Spot the Cape Leopard


Carry this bag to show your support!

leopard-pack-shotAs part of their Good Business Journey, Woolworths is proud to support initiatives like The Cape Leopard Trust. Through partnerships with their customers and organisations like The Cape Leopard Trust, Woolworths is increasing awareness of the environmental issues around the Cape Leopards, while actively supporting The Cape Leopard Trust’s projects. Through the sale of each bag, Woolworths donates R10 to The Cape Leopard Trust.


The Cape Leopard Trust, established 2004, is a Non-Government Organisation that functions as an active predator research and conservation working group, with a primary focus on leopard. The CLT uses scientific research to aid leopard and predator conservation, seeking solutions to human-wildlife conflict and inspiring greater interest in the environment through an interactive and dynamic environmental education programme.

Long term research and monitoring are vital in order to effectively manage and conserve an elusive and far-ranging top predator such as the leopard – one needs sound knowledge and understanding of its behaviour, diet and habitat requirements. Before the pioneering work undertaken by The Cape Leopard Trust, very little was known about the ecology of leopards in the Cape mountains. Studies have since shown that leopards in the Cape differ morphologically and genetically from leopards elsewhere in southern Africa, however they are not classified as a separate subspecies. Leopard home ranges in our study areas may be as much as 10 times larger than those reported in earlier research, illustrating that population numbers are far lower than previously estimated. Because of these low densities, large home ranges and limited suitable habitat, leopards in the Cape mountains may be far more threatened than many other leopard populations.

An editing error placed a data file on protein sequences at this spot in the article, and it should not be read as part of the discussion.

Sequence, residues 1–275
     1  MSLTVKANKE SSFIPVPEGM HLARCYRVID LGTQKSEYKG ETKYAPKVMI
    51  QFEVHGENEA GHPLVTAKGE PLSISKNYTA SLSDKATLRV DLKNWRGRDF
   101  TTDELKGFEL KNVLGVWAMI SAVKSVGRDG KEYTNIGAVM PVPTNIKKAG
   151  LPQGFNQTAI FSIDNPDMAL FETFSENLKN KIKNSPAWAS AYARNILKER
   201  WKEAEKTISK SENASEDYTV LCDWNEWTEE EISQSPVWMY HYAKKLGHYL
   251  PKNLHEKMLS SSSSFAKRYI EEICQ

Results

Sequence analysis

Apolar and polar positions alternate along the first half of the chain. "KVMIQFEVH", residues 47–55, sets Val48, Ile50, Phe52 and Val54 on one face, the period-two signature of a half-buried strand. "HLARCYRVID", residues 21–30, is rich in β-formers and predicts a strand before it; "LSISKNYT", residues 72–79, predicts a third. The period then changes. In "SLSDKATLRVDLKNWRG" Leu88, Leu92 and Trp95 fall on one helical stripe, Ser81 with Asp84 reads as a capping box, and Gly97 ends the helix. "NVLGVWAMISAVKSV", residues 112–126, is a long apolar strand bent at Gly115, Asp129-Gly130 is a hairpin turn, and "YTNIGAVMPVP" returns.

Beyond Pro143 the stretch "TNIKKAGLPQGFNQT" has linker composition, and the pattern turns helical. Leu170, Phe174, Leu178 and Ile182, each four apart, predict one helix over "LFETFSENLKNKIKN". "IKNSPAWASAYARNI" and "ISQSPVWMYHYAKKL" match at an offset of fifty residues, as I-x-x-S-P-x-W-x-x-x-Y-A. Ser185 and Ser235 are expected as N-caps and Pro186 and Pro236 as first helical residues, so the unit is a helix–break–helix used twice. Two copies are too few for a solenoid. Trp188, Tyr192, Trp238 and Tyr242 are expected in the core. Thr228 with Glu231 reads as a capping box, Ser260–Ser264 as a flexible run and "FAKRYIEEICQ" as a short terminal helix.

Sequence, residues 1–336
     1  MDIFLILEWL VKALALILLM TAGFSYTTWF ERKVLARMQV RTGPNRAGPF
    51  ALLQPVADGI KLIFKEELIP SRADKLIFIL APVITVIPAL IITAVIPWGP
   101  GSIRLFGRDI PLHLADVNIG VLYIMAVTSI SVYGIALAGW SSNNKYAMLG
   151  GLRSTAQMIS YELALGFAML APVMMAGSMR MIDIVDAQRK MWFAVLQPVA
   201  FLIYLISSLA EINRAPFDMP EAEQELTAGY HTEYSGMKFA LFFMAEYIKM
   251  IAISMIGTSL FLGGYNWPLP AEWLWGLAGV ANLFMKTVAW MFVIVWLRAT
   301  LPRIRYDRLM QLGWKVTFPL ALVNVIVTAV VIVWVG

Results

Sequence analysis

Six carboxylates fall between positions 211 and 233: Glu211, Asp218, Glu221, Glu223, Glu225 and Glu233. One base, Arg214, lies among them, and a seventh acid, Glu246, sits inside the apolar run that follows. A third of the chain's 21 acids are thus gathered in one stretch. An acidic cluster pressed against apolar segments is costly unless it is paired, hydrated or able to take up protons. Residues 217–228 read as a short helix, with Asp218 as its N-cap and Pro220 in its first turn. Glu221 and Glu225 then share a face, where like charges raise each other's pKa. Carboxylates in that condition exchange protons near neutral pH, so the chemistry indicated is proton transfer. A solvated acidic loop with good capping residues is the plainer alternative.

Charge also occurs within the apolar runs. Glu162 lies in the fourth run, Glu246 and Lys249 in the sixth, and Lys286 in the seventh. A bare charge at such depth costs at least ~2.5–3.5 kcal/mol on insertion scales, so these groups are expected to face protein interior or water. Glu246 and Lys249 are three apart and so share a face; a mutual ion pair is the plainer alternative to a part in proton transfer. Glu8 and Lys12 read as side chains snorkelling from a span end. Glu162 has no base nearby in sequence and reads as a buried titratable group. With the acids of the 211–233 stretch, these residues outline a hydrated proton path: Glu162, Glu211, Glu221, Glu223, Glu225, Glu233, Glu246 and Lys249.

Mission: To ensure the long-term survival of leopard populations by facilitating the protection of natural landscapes and promoting peaceful coexistence, empowered by scientific research, positive community partnerships, environmental education and advocacy.


The funding will support leopard monitoring and research across our core work areas, in the Boland and the Cederberg, along the Cape Fold Mountain system. Leopards in the Cape, numbering no more than a few hundred individuals, are threatened due to their low densities, large home range requirements and fragmentation of their habitat. Although core mountain reserves remain preserved, edges (or fringe habitat) are impacted by habitat alteration, resulting in the Boland mountain complex which, as human encroachment increases, is evermore creating an island of leopard habitat within a sea of degraded land.